Big Tech companies’ business models are based in surveillance, and they’re fundamentally incompatible with basic human rights and democracy. Spotify likes to present itself as hip and progressive and friendly to artists, but its profit model is based on harvesting our data, monitoring emotions, and using our behavioral profiles to enrich advertisers. The company recently filed a patent for a product that would literally monitor listeners’ speech patterns and tone of voice in order to recommend music (and of course, advertisements.) Music should be about connection and collective experience, not surveillance and exploitation.
The Internet has the potential to profoundly transform our society for the better. As a trans artist playing way outside the mainstream, I’ve seen how technology has the power to lift up marginalized voices and foster community and solidarity amongst musicians, like we’ve seen with organizing efforts like the Union of Musicians and Allied Workers and their ‘Justice at Spotify’ campaign. But if we allow a parasitic business model based on surveillance and manipulation to dominate the music industry, it’s clear that this will serve to simply reinforce and exacerbate existing forms of injustice in an industry that has long been plagued by systemic white supremacy, patriarchy, and heterosexism.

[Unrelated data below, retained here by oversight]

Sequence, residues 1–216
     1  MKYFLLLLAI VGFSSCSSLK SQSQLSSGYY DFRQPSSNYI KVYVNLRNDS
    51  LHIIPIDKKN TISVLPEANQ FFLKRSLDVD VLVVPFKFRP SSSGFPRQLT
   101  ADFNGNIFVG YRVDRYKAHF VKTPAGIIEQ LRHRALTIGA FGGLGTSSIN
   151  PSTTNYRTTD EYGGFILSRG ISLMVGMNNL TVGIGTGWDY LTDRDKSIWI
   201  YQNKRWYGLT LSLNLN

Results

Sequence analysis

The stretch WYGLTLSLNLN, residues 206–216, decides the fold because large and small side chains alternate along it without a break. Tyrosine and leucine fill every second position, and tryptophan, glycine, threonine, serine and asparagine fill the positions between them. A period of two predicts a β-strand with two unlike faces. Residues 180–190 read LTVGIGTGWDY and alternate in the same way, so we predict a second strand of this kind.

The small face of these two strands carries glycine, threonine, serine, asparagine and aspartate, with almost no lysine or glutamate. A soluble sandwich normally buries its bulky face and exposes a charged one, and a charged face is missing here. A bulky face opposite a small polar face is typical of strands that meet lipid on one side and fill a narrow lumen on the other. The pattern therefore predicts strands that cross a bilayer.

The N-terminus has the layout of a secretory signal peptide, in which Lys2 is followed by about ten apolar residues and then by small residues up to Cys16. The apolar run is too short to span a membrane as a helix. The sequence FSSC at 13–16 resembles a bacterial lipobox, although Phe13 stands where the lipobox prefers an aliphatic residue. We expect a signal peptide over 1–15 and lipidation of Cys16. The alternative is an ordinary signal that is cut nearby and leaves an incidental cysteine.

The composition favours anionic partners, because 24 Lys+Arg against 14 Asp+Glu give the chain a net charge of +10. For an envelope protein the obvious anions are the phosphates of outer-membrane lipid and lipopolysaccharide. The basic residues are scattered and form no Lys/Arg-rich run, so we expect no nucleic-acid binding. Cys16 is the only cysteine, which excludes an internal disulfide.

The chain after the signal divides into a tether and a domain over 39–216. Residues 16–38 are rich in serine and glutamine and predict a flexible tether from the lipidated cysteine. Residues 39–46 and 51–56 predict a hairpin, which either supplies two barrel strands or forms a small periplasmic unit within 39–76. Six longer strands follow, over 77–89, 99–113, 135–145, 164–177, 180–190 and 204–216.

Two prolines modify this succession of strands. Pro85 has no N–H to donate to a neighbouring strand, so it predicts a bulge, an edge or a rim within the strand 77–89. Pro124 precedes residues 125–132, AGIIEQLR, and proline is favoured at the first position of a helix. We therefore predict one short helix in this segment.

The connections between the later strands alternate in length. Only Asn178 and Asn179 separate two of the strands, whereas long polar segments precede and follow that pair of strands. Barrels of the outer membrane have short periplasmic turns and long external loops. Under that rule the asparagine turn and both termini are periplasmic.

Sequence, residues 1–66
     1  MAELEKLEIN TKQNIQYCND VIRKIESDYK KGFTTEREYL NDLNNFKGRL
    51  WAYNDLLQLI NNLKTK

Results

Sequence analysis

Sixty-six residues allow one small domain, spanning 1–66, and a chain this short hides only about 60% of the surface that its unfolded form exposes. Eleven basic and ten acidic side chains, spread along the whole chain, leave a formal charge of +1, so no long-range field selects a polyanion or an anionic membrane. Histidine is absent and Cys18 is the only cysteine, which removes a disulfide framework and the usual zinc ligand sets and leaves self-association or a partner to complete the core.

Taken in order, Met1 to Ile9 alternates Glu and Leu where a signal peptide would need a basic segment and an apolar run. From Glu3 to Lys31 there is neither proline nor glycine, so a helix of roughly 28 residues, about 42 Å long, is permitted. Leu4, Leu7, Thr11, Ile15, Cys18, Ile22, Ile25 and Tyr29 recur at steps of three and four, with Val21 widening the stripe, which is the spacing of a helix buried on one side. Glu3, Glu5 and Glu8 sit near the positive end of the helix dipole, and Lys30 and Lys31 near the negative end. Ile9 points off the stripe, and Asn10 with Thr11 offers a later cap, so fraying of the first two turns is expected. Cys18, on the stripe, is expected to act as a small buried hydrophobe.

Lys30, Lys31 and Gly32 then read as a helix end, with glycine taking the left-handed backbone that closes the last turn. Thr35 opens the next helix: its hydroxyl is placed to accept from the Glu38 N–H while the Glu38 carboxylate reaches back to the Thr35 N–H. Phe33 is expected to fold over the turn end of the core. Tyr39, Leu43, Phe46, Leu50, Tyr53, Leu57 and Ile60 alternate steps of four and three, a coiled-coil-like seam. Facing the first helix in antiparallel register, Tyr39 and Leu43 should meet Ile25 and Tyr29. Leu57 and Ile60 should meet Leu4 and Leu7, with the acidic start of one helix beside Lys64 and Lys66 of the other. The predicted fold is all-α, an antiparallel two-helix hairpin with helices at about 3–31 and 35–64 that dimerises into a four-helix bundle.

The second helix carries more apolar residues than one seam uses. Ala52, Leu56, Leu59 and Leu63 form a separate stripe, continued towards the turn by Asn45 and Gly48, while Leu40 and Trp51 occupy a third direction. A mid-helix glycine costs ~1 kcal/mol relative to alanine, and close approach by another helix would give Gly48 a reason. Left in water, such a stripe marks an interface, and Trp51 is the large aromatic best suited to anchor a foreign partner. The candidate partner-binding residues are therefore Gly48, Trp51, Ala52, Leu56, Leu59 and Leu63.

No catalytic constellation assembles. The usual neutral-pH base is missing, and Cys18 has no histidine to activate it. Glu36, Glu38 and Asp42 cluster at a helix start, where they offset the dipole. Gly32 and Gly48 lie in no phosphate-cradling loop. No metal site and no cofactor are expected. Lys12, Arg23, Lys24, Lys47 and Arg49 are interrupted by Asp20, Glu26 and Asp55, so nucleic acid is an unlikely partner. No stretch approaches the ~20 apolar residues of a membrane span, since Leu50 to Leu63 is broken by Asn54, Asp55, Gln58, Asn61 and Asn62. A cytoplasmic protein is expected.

I titled the album “Spotify is Surveillance” not because every single song is a diatribe about surveillance capitalism or current politics, but because it’s a way to raise these issues every time someone clicks play, even if it’s just on a love song or a song about missing shows.